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Mechanical Thrombectomy After Intravenous Thrombolysis Vs Mechanical Thrombectomy Alone In Acute Stroke.

P. Seners, C. Oppenheim, J. Baron
Published 2017 · Medicine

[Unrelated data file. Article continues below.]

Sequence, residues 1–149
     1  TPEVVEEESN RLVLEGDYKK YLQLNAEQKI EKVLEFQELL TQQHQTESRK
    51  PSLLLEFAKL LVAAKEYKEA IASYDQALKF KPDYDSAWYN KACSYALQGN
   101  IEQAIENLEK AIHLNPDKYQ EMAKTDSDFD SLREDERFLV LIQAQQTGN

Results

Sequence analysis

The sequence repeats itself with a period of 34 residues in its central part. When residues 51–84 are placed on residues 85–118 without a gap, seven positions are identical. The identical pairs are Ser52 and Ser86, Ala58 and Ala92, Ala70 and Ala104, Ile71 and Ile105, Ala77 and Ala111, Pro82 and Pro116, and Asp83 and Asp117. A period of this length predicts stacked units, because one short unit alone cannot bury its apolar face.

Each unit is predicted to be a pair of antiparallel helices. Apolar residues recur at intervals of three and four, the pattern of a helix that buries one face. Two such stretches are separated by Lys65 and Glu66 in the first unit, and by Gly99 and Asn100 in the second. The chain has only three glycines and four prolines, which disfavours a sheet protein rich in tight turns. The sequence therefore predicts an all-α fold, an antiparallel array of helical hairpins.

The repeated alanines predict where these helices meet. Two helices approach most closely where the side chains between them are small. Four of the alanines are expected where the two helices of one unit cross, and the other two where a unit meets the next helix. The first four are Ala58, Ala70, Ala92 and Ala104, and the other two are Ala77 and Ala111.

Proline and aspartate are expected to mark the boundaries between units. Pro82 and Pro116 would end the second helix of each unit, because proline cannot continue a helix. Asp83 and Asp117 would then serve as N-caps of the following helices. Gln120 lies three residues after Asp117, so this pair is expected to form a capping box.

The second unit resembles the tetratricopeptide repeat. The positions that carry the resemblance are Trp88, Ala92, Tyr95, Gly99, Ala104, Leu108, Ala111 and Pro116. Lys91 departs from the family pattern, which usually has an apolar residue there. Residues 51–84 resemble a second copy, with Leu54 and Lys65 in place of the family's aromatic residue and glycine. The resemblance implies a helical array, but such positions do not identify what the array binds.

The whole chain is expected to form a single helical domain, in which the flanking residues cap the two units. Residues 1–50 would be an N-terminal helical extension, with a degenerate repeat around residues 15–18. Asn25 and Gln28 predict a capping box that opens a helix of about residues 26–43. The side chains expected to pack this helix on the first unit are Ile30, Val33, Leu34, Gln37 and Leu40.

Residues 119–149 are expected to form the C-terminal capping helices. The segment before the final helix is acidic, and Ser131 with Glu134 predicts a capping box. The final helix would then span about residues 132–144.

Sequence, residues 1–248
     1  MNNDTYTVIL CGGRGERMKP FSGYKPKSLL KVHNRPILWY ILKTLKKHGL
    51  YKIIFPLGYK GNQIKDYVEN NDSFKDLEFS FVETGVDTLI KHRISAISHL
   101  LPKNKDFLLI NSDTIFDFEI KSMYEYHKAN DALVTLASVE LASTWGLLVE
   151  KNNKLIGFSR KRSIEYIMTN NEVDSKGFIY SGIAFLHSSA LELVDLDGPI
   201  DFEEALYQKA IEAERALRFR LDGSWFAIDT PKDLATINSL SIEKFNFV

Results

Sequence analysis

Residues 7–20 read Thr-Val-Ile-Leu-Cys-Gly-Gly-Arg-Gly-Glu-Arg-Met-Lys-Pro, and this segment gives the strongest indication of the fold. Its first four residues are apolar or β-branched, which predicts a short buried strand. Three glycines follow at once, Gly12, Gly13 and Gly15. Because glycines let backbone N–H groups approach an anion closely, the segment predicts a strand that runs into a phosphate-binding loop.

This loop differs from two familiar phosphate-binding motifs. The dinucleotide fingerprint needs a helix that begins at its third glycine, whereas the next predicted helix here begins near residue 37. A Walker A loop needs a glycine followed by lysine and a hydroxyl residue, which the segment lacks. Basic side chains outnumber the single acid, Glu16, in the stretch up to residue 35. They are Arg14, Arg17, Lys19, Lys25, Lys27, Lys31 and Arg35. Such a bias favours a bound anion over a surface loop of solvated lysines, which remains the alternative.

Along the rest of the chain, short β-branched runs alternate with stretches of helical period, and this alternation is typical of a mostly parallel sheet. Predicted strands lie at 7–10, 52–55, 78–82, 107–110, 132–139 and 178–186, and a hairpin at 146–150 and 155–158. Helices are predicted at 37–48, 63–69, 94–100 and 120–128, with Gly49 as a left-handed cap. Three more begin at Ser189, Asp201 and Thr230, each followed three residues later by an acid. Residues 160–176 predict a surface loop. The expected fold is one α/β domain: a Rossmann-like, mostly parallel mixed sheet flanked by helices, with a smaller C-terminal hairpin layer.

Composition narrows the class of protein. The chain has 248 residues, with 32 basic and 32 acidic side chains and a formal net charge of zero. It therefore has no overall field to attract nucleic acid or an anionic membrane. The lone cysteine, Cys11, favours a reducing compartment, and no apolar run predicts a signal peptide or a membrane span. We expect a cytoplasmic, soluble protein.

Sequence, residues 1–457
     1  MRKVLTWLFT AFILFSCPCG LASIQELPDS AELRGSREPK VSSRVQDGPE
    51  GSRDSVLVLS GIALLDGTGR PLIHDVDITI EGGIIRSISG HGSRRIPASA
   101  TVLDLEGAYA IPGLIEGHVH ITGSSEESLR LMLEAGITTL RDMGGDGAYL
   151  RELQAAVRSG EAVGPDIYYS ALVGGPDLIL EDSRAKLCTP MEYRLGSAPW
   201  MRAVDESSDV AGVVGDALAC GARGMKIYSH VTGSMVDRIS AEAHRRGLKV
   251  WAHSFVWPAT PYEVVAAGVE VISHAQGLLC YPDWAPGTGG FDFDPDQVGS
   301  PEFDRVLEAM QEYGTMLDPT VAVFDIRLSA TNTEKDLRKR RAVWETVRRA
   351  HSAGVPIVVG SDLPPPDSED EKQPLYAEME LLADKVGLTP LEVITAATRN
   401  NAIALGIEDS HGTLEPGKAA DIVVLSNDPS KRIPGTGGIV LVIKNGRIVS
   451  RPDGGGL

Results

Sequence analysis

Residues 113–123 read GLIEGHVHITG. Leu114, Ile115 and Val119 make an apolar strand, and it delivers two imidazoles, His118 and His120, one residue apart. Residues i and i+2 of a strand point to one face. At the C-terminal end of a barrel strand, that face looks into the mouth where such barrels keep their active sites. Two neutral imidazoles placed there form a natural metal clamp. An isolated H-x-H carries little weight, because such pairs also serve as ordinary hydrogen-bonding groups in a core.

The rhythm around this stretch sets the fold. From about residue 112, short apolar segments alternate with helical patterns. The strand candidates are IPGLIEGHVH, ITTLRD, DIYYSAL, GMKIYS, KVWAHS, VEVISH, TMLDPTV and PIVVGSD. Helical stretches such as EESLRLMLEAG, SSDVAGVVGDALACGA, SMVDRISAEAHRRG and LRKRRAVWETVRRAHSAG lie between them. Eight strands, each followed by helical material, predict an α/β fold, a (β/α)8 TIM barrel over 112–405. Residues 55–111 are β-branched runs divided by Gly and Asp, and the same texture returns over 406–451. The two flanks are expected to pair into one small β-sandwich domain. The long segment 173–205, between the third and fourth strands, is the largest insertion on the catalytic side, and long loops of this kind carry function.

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Mechanical Thrombectomy After Intravenous Thrombolysis vs Mechanical Thrombectomy Alone in Acute Stroke To the Editor In their recent article, Coutinho et al1 address whether patients who have had an acute stroke with proximal occlusion should undergo intravenous thrombolysis (IVT) before a mechanical thrombectomy (MT). In this analysis of pooled data from the SWIFT and STAR trials, MT after IVT did not appear to provide clinical benefits over MT alone. The authors concluded that randomized clinical trials should confirm their observation.1 The main reason for withholding IVT would be that the occurrence of early recanalization (ER) after IVT is too low to justify the additional hemorrhagic risk, cost, and time lost. However, the SWIFT and STAR trials were not designed to compare these 2 paradigms, as in both trials persistent proximal occlusion on the first angiographic run was an inclusion criterion.2,3 To address this shortcoming, Coutinho et al1 argue that ER following IVT is rare in proximal occlusions. Based on the ESCAPE, SWIFT PRIME, REVASCAT, and MR CLEAN trial data, they quote post-IVT recanalization rates of 3% to 7% on the first angiographic run. However, this is an underestimation, because in these trials, patient selection was based on vascular imaging that was mostly conducted after the start of IVT. Thus, an unknown fraction of patients with post-IVT ER before selection imaging were excluded a priori. In our meta-analysis reviewing all 26 studies implementing vascular imaging before starting IVT —which therefore excluded the previously mentioned trials but included EXTEND-IA—4 complete ER within 3 hours of undergoing IVT was indeed very low (4%) in intracranial carotid occlusion, but substantial in M1 and M2 occlusions (21% and 38%, respectively).4 These figures were recently confirmed in a large prospective study, even when recanalization was evaluated 60 minutes after IVT.5 Early recanalization rates depend on the amount of time that has elapsed since IVT.5 Thus, ER rates are expected to be lower in the case of direct admissions to comprehensive stroke “drip and ship” paradigm, in which IVT-to-angiography times are often less than 60 minutes vs up to 3 hours, respectively. Consequently, the results of Coutinho et al1 may approximate the former, but they cannot be translated to the latter paradigm, which is the most frequent day-to-day situation currently and will likely remain so in most countries. We concur with Coutinho et al1 that randomized clinical trials comparing MT after IVT with MT alone are needed. However, given the substantial ER rates among unselected populations, such trials should only include patients with a very low probability of developing IVT-related ER.
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